Domain Names / Email Address
Sometimes when choosing the right name for your new business, you might want to consider if it’s available as a domain name first. There are dozens and dozens of new domains available but for now, most of your clients will still guess that it ends with ‘.com’. So if your competition has .com, don’t grab ‘.org, .us, .biz, etc.’, most likely, they’ll just end up where you don’t want them to be!
It’s easy to see what’s available, just go to WhoIs.com and type in your choices. When you find what you want, we recommend using someone like GoDaddy.com to actually purchase them. Their tech support is very good and easy to understand. You shouldn’t pay any more than $15-$20/year for a domain (including all the fees and taxes).
BE CAREFUL: Even today, we still run into problems when someone wants us to take over their website design. Our first step is to determine who actually owns ‘their’ domain. In the majority of cases, it’s the web person who registered AND subsequently owns it, not the client. And in many instances, will demand an exorbitant fee to transfer it.
- The shorter the better
- Keep it simple
- When publishing it, make sure you use upper and lower case letters
- You’d be surprised with what you end up with if you use all lower case letters!
- If there’s a common misspelling of your company name, you might want to grab that domain as well
- If at times some folks will use an ’s’ after your company, you might want to grab that too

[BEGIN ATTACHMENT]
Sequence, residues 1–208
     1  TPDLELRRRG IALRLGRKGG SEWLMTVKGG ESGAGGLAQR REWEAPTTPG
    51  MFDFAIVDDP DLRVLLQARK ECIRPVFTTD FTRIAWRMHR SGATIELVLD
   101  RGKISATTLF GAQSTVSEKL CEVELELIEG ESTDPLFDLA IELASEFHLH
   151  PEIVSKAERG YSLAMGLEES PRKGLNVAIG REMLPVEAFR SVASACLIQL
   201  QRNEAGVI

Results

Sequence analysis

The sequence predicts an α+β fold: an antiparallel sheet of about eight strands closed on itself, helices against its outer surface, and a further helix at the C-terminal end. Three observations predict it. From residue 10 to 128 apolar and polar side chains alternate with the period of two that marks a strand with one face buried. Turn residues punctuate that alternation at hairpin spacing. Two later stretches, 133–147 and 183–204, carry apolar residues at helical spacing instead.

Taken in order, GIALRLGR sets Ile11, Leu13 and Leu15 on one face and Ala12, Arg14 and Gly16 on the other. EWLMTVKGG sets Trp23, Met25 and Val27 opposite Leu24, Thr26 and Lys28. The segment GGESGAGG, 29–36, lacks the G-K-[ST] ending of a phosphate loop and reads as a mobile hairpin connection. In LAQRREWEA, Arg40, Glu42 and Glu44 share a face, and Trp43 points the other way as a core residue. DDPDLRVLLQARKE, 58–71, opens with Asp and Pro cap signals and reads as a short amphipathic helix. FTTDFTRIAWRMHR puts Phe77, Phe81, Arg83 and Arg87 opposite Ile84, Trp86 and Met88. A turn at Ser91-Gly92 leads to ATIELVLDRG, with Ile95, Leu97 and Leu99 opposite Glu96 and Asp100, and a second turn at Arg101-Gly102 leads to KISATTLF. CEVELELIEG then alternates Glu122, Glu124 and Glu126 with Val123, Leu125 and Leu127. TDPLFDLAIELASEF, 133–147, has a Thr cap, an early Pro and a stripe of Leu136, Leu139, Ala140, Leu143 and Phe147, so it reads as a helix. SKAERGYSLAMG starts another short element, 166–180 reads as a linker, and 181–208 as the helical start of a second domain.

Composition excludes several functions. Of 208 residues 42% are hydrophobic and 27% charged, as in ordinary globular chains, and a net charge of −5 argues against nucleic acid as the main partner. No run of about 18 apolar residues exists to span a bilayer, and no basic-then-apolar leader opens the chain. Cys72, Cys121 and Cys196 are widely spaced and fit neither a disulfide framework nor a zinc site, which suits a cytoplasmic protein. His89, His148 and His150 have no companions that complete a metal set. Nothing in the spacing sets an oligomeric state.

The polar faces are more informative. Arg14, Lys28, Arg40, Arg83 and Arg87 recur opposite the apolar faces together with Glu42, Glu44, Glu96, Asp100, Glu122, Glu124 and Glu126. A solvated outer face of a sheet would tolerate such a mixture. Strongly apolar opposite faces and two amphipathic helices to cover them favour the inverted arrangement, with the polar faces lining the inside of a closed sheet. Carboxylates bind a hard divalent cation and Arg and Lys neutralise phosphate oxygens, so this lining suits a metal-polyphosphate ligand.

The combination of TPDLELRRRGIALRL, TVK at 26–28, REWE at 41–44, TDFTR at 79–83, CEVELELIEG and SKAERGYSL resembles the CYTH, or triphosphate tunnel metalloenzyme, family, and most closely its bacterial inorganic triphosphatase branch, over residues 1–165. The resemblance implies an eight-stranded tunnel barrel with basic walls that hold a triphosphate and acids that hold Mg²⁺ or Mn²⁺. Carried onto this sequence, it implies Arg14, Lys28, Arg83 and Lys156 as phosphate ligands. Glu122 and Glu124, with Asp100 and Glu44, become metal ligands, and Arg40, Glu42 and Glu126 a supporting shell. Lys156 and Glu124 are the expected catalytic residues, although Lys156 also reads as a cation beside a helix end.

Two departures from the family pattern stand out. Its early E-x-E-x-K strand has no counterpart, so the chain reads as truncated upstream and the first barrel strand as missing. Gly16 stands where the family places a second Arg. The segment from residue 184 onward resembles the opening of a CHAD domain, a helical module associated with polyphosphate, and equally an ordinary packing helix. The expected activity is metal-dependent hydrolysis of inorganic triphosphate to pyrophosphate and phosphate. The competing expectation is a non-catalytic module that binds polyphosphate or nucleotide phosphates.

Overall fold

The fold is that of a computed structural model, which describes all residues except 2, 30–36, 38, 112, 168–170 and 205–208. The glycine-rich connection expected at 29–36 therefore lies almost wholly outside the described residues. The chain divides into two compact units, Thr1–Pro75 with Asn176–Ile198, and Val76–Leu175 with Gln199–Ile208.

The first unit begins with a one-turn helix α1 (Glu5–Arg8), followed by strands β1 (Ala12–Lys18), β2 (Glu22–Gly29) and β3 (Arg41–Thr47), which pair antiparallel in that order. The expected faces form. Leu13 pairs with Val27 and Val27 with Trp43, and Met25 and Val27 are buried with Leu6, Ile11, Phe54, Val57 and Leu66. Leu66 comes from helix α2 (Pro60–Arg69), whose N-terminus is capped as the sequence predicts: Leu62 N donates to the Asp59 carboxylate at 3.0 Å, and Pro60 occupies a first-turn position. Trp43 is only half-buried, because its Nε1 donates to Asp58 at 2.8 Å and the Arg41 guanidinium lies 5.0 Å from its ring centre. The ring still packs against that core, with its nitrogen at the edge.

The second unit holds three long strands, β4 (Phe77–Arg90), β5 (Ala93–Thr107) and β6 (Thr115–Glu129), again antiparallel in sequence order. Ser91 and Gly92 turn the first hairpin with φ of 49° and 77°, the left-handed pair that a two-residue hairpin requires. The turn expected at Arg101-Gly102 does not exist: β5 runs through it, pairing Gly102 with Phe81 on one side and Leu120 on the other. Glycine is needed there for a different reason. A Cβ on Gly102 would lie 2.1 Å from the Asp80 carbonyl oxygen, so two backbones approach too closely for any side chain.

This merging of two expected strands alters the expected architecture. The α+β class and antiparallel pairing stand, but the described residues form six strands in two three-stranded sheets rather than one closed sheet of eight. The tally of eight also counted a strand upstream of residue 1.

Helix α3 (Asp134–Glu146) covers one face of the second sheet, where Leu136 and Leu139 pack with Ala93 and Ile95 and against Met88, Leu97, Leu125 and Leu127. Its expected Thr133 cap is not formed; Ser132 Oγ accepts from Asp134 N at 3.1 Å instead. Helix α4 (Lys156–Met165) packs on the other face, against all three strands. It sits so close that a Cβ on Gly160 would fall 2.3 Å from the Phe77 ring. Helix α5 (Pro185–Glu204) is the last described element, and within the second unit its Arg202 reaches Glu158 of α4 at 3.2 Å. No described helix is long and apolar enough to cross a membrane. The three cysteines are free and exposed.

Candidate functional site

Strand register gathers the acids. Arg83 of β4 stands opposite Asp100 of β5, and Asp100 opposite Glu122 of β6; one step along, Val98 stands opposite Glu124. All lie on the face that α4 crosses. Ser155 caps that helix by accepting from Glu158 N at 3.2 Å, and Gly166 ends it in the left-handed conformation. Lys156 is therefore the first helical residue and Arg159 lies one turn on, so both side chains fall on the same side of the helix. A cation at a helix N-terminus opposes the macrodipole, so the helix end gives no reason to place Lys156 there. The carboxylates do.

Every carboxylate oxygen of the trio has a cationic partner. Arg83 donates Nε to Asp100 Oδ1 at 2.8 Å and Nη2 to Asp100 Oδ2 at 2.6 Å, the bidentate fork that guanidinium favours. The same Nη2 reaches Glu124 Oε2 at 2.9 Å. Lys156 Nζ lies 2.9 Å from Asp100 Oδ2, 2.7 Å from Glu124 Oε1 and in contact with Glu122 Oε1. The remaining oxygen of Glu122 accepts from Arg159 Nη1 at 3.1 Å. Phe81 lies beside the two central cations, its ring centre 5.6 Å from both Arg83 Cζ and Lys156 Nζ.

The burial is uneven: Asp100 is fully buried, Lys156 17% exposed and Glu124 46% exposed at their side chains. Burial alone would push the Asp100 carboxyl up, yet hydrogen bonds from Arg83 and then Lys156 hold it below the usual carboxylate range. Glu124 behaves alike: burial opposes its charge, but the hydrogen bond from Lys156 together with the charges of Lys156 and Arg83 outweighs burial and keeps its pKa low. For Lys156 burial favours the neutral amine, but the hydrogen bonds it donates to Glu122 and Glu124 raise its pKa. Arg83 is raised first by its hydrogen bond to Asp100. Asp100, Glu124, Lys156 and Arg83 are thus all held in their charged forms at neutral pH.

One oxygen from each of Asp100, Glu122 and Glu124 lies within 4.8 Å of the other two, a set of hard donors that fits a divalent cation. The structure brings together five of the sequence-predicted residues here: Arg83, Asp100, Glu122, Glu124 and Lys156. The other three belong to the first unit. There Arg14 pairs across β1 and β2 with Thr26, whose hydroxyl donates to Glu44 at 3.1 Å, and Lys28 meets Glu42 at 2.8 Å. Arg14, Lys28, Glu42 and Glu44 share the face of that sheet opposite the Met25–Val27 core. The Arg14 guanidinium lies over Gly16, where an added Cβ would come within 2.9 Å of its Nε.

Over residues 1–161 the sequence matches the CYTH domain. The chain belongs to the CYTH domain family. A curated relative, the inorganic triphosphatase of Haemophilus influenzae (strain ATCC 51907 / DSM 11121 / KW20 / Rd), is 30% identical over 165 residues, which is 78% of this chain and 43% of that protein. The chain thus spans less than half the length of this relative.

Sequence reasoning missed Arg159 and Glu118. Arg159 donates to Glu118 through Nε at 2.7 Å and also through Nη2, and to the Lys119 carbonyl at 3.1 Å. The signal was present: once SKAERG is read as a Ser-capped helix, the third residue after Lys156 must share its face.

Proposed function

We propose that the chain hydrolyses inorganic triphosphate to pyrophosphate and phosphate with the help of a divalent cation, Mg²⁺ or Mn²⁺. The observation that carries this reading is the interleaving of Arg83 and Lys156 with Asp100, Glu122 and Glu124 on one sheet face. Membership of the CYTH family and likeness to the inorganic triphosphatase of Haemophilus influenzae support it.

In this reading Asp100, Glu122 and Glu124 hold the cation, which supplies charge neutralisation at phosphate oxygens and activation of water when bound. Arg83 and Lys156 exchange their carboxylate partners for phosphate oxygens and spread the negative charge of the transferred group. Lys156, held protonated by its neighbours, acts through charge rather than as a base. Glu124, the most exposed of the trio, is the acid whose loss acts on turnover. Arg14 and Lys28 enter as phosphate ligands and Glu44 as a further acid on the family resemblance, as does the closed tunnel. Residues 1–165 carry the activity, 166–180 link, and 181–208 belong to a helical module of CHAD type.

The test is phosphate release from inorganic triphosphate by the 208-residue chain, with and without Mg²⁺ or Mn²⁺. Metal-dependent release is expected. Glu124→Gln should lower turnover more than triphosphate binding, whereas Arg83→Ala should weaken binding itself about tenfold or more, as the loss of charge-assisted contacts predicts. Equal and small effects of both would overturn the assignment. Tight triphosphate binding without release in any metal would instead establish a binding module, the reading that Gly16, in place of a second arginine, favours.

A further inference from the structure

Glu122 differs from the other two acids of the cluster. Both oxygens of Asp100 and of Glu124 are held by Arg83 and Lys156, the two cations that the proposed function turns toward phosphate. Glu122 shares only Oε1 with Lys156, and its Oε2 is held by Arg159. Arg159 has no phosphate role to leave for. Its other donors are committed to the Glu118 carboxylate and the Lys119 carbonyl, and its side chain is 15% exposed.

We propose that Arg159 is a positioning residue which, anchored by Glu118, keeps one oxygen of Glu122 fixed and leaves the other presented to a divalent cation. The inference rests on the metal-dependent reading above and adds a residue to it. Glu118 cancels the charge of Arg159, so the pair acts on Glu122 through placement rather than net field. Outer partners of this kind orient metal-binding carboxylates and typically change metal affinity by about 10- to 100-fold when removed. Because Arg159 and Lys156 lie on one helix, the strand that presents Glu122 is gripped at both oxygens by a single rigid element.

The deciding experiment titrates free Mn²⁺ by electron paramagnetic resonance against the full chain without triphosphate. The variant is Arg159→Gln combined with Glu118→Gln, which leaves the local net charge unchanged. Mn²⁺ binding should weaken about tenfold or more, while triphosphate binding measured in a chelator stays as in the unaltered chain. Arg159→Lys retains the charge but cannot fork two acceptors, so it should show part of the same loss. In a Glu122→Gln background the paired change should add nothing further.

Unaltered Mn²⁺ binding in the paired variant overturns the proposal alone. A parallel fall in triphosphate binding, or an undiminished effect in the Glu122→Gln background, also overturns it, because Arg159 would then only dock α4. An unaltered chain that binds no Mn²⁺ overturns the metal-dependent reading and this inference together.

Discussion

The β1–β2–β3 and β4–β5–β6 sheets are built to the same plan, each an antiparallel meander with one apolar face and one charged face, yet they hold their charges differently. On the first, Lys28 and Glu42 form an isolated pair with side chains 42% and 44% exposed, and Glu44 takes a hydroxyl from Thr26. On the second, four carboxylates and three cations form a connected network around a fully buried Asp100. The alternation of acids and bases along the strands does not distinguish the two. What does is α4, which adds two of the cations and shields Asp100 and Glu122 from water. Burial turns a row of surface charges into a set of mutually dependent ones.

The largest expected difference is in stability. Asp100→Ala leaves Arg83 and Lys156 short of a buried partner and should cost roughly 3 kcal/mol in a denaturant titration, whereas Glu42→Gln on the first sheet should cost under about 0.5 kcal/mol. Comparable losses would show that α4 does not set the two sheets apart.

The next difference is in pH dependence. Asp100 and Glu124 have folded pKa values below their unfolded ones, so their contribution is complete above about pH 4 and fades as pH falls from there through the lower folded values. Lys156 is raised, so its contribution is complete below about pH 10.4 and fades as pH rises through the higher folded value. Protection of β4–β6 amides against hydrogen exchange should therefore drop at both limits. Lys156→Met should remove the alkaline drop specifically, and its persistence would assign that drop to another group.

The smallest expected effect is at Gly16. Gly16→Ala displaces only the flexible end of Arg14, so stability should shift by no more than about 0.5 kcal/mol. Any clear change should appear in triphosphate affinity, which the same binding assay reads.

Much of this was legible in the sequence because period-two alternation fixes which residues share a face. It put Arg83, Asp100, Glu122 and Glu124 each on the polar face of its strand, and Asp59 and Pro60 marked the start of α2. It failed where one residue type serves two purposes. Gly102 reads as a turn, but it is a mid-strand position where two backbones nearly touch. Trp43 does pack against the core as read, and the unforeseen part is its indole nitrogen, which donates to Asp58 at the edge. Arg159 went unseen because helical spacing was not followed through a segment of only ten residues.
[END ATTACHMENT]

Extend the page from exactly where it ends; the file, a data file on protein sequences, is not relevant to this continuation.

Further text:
- Other versions might be a good idea as well — since domains are so inexpensive
Registrars like GoDaddy used to give you one free email address for every domain purchased. But like many others, you’ll need to purchase your emails now. With that in mind, you should now get better service with spam and phishing filters, have it play well with your email software and overall, provide you with a cleaner experience.
- POP: This system ‘pulls’ your emails off the server onto your device (phone, iPad, computer, etc.). You should be able to set a time frame as to when it’s actually deleted off the server.
- IMAP: This makes your device a ‘window’ to the email server allowing you to still look, delete and respond to emails, but they still remain on the server. Which means, if you don’t have internet access, you don’t have access to your emails.
Sound complicated, it can be. Best to talk to your IT folks about which to use and in what combination.
If you have a domain, check WhoIs.com and see who actually is under the “Registrar” title. It’s the email in that section that controls your domain.